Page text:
Screening for potential co-products in a Miscanthus sinensis mapping family by liquid chromatography with mass spectrometry detection

Awduron Sefydliadau
Math Erthygl
Iaith wreiddiolSaesneg
Tudalennau (o-i)186-196
Nifer y tudalennau10
CyfnodolynPhytochemistry
Cyfrol105
Dyddiad ar-lein cynnar31 Mai 2014
Dangosyddion eitem ddigidol (DOIs)
StatwsCyhoeddwyd - Medi 2014
Cysylltiadau
Cysylltiad parhaol
Gweld graff cysylltiadau
Fformatau enwi

Crynodeb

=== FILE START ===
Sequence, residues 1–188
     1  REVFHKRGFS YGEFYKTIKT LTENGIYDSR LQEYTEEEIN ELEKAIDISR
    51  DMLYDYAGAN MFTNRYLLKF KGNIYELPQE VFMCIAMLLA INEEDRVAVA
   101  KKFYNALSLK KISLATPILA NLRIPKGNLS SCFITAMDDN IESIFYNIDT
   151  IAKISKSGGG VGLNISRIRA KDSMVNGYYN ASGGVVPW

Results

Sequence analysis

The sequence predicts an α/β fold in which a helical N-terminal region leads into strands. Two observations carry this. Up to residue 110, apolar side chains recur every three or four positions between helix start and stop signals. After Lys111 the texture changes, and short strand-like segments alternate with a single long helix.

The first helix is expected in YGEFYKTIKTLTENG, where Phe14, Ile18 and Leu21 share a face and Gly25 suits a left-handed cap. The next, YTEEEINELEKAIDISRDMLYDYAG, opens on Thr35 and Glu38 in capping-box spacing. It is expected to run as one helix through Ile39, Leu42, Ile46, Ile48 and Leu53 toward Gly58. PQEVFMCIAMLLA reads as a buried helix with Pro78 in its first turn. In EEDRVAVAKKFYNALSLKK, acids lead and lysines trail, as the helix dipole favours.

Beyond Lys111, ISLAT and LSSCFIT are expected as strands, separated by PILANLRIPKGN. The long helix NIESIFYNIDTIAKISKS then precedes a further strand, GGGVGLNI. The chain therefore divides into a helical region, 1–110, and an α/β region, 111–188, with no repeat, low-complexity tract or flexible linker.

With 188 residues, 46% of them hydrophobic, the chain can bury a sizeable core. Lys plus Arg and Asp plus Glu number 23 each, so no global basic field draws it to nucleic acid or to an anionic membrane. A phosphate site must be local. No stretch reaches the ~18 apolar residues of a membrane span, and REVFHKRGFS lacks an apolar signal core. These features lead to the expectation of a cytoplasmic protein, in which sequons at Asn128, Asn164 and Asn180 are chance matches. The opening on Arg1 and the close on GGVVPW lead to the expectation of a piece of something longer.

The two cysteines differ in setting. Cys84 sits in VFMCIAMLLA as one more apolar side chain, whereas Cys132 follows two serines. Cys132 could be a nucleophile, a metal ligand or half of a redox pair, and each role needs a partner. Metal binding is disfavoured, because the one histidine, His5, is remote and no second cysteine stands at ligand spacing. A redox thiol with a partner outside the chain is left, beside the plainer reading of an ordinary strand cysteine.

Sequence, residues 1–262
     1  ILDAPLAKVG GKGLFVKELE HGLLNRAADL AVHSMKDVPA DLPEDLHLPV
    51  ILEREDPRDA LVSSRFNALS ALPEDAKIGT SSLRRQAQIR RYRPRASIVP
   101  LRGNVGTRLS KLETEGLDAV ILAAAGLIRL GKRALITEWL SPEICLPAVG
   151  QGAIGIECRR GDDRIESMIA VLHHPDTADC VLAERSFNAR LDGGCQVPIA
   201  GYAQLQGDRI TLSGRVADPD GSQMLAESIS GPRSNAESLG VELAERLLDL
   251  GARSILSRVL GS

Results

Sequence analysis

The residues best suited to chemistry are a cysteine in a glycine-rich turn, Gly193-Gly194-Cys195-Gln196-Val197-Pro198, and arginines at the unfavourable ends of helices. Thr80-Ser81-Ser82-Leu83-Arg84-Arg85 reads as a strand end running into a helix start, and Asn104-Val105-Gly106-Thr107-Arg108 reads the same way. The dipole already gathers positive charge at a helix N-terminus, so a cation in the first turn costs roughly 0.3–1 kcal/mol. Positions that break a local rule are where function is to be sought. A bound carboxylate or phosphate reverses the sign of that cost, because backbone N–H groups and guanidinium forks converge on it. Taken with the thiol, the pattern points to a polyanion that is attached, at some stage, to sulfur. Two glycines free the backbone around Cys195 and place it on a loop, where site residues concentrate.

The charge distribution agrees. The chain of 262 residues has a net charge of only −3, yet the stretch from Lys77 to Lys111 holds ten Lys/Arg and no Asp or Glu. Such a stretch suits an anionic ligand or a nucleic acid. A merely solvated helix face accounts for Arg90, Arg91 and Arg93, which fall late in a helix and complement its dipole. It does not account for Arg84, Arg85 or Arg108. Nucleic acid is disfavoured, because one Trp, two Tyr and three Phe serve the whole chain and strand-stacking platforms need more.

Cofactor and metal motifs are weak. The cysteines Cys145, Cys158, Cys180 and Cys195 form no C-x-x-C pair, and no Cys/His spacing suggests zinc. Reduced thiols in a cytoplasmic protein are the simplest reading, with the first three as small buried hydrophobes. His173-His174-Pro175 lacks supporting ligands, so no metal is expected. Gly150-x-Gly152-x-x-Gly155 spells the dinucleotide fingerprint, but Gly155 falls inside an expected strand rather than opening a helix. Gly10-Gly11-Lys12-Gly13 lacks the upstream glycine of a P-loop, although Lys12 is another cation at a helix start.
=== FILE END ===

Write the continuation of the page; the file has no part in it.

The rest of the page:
Society is demanding more green chemicals from sustainable sources. Miscanthus is a potential source of platform chemicals and bioethanol through fermentation. Miscanthus sinensis (M. sinensis) has been found to contain particularly high levels of soluble phenols (hydroxycinnamates and flavonoids) which may have application in the nutraceutical, cosmetic and pharmaceutical industries. Here, we describe the first study on the identification and quantification of phenols from the leaf tissue of a bi-parental M. sinensis mapping family. Parents and progeny showed complex profiles of phenols with highly related structures which complicated characterisation of individual phenotypes. Separation of semi-purified extracts by reverse-phase liquid chromatography, coupled with detection by diode array and ESI-MS/MS, enabled distinction of different profiles of phenols. Ten hydroxycinnamates (O-cinnamoylquinic acids) and several flavones (one mono-O-glycosyl flavone, eight mono-C-glycosyl flavones, two di-C-glycosyl flavones, five O-glycosyl-C-glycosyl flavones and nine 2″-O-glycosyl-C-glycosyl flavones) were identified and quantified in leaf tissue of two hundred progeny and maternal and paternal plants during the seedling stage. Progeny exhibiting high, moderate and low amounts of hydroxycinnamates and flavonoids and both parents were selected and screened at seven months’ growth to determine the abundance of these phenols at their highest biomass and compared with seedlings. Concentrations of phenols generally decreased as leaves matured. Several flavone-glycosides were identified. This technique can be used for rapid screening of plants in a mapping family to identify genotypes with high phenol content to add value in the biorefinery chain. This comparative study provides information on the content of potentially valuable compounds from readily renewable resources and possible biomarkers for identification in breeding programmes.

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